Instruction Manual for Ultraslimline Tower Fan

In the heat wave last month I bought a fan. It was a long contraption rather than then the box fan I’m used to owning. In the heat wave, I thought about cool air. My thoughts on the subject were limited to one idea: air moving through my home so that when I left and stood on the warm grass or walked through the shimmering heat, I could return to the cool hard wood floors of my home.

I was surprised to find that the fan came with instructions carrying the imperative heading: READ & SAVE THESE INSTRUCTIONS. I didn’t know a fan could be so complicated that it would require instructions. It wasn’t an expensive fan.


I do not need these complications in my life. Every device I own performs tasks that I didn’t know needed to be performed. There is a surplus of performance. I didn’t know I needed Amazon.com. Nor did I know I needed a cigarette case sized packet filled with days of music categorized by genre, artist, and release date. The fan even came with a remote so that I could sit on the couch, I suppose, and adjust the fan. My old fan seemed perfectly functional with an off, low, medium, high knob. Every device I have recently purchased in my house contains a remote. In front of the television that I hardly ever use there is a basket filled with remotes. Some of these remotes belong to devices that are long gone. The idea of these remotes controlling obscure functions makes me secure and satisfied that any need I might have will be met, and yet, these remotes do nothing to settle my nerves, to increase the amount of time I have in my day. Will reading the instruction manual that has come with my fan actually produce more efficient and pleasurable fan usage? Does a low, medium, high knob no longer met my fan requirements?

My grandmother lived in Ephrata in the middle of Washington State. She lived in a two story house with a basement filled with spider webs that I was told were black widow webs. One time as I was about to take a bath, eager to empty a box of Mr. Bubble into the tub, and start drawing water, I found a black widow crawling up the drain. They have an almost spherical black abdomen with a dark red hourglass. Their legs are long and round. I was too afraid to squish it. No one ever died from a black widow bite in her house. Box fans ran at all times during the summer at my grandmother’s house. Her cats for the most part would stay clear of them. There were a lot of cats at my grandmother’s house. When the cats had kittens one of the kittens would invariably become entranced by the spinning fans and stick a pink nose through the wire mess and into the blade.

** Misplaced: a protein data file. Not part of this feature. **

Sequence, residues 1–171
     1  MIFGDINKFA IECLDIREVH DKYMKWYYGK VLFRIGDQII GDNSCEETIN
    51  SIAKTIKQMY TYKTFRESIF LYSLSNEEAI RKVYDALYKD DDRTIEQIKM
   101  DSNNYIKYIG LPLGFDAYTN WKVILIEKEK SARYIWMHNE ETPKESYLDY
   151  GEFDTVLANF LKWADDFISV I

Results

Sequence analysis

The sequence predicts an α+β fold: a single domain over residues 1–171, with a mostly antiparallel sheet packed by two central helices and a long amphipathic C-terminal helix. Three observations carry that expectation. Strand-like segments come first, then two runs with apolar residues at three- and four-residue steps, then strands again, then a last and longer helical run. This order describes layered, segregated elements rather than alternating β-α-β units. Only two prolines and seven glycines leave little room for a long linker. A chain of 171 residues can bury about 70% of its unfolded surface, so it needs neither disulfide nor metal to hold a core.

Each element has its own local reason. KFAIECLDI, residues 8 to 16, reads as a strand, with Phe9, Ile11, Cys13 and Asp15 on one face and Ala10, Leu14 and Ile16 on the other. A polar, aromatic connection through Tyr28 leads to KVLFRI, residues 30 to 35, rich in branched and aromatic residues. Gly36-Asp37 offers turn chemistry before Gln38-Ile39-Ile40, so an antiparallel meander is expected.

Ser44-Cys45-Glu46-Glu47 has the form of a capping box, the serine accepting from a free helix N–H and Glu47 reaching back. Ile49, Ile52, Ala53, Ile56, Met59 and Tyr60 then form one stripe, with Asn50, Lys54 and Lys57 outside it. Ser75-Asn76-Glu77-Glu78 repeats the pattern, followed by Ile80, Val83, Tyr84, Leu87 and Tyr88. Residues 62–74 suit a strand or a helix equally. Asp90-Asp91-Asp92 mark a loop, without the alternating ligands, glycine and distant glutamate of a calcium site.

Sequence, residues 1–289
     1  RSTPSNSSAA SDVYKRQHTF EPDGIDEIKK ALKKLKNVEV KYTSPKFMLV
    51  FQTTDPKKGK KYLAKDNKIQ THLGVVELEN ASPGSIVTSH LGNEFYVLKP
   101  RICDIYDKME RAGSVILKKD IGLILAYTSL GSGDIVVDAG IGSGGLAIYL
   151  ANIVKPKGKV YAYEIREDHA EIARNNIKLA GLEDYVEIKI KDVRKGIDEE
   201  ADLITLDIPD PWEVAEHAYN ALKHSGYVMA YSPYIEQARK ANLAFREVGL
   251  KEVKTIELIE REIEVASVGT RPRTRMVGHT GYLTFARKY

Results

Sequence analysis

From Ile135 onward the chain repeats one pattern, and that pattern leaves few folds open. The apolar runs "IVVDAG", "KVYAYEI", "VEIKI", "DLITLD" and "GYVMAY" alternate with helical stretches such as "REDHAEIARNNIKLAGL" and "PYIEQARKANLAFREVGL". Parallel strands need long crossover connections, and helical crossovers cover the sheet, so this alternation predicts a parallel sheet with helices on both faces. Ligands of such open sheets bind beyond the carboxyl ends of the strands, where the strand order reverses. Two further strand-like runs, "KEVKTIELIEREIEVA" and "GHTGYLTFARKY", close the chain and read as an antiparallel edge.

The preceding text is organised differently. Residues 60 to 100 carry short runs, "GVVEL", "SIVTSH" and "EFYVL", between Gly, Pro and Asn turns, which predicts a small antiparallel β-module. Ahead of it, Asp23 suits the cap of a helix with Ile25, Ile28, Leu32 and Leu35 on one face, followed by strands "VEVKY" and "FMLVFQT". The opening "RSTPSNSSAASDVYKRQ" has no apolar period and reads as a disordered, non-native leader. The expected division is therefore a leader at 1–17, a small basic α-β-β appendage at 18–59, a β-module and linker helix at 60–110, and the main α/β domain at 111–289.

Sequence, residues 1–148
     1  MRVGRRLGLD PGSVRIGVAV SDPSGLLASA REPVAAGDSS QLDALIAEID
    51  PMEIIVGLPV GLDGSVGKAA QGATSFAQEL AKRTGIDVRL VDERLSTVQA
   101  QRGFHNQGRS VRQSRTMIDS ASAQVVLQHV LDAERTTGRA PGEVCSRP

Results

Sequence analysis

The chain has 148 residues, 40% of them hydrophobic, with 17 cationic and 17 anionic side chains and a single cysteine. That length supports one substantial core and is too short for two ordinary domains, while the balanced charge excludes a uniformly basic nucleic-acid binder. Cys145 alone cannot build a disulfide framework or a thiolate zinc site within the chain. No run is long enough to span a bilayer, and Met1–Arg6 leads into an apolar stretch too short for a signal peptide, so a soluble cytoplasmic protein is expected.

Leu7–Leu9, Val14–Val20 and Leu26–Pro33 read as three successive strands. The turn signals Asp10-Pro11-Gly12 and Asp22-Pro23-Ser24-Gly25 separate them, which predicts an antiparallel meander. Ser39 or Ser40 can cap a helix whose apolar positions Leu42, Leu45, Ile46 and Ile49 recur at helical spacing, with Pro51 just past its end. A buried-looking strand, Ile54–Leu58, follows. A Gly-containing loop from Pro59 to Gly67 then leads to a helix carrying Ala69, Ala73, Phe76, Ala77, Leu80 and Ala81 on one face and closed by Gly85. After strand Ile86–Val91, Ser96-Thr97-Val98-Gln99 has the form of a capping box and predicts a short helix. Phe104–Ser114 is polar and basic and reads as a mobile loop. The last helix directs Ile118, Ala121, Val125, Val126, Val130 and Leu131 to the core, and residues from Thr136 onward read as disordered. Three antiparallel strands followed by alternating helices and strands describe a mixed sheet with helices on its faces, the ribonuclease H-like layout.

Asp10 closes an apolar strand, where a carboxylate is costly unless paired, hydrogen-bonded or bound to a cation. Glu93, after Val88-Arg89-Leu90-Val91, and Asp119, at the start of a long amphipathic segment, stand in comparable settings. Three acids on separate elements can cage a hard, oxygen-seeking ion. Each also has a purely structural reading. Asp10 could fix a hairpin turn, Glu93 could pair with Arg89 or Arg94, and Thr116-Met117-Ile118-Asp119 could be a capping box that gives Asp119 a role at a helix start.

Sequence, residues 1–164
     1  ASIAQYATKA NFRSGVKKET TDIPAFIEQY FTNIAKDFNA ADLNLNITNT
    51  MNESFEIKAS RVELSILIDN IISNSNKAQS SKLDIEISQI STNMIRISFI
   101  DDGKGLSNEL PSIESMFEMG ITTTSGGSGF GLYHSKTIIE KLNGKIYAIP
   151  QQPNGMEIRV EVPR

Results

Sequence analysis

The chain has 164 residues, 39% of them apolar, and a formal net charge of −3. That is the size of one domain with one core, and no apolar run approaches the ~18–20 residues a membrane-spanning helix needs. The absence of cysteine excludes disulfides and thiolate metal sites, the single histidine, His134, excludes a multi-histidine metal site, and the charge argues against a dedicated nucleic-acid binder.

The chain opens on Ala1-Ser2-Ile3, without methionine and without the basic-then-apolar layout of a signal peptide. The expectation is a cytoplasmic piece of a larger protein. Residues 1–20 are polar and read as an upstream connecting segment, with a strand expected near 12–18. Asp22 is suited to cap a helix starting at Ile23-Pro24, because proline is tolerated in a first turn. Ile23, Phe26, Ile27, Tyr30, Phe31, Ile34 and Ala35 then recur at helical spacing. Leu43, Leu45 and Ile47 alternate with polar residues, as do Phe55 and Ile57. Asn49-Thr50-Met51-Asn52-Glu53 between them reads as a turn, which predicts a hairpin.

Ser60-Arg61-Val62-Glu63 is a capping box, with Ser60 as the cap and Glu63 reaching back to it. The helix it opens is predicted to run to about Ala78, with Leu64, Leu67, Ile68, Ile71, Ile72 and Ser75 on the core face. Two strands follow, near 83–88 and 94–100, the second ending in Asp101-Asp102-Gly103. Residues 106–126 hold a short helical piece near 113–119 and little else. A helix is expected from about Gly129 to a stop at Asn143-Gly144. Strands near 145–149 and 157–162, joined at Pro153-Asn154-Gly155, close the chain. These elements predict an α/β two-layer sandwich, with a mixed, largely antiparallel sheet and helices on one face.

Pages of warnings seemed warranted for the fan:

When using electrical appliances, basic precautions should always be followed to reduce the risk of fire, electric shock and injury.

  1. Use this fan only as directed in this manual. Non-recommended use may cause fire, shock or injury.
  2. This fan is intended for personal use INDOORS. It is NOT designed for commercial, industrial or outdoor use.
  3. Do NOT place fan in or near a window, to avoid contact with the outdoor elements and to avoid exposure to direct sunlight. Rain may create an electrical hazard. Do NOT immerse fan, plug or cord in water/liquid. Do NOT spray with water/liquid. DO NOT use Fan outdoors.
  4. Operate fan on a dry, level surface.

Etc.

But this fan also had instructions for the fans ability to control the wind, and diagrams.
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Sitting on the floor with my hundred remotes, I’m sure if I feel the flow of a natural wind with it’s automatically selected and random wind speed, I will feel like I’ve returned to an Eden of pure and innocent wind.

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